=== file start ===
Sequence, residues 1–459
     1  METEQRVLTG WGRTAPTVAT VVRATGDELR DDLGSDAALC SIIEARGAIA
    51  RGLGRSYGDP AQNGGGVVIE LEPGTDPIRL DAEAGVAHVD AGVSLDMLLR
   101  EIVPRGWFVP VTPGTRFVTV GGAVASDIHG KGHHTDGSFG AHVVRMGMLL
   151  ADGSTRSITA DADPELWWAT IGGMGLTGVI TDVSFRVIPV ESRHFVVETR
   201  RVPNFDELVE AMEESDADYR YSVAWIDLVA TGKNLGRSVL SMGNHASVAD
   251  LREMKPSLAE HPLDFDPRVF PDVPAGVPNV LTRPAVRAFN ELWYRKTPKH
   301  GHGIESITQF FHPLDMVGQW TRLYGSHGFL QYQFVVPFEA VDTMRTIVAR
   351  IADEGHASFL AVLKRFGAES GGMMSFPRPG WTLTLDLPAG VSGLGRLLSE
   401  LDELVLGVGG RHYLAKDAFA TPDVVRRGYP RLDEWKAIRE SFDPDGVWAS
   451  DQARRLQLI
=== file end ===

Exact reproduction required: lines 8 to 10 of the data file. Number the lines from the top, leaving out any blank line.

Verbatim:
   301  GHGIESITQF FHPLDMVGQW TRLYGSHGFL QYQFVVPFEA VDTMRTIVAR
   351  IADEGHASFL AVLKRFGAES GGMMSFPRPG WTLTLDLPAG VSGLGRLLSE
   401  LDELVLGVGG RHYLAKDAFA TPDVVRRGYP RLDEWKAIRE SFDPDGVWAS